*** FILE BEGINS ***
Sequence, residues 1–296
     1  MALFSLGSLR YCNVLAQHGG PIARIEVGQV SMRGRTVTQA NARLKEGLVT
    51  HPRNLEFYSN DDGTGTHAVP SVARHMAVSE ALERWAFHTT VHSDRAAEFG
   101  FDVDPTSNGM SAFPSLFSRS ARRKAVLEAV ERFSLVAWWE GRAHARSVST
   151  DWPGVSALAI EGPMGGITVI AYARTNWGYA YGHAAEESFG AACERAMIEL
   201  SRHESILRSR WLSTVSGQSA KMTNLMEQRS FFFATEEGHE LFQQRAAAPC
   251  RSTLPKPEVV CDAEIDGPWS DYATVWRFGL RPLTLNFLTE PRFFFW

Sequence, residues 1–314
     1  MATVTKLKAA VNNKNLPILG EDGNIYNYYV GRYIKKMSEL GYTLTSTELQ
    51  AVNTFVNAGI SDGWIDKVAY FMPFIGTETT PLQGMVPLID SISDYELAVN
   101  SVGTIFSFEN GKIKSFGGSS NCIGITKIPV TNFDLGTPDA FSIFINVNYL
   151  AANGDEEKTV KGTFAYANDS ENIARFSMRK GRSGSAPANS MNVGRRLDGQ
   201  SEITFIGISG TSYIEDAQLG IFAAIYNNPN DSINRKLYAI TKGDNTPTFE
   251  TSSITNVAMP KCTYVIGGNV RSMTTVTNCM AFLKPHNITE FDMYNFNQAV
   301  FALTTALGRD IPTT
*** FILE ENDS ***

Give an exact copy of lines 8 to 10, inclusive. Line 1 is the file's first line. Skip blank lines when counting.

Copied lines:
Sequence, residues 1–314
     1  MATVTKLKAA VNNKNLPILG EDGNIYNYYV GRYIKKMSEL GYTLTSTELQ
    51  AVNTFVNAGI SDGWIDKVAY FMPFIGTETT PLQGMVPLID SISDYELAVN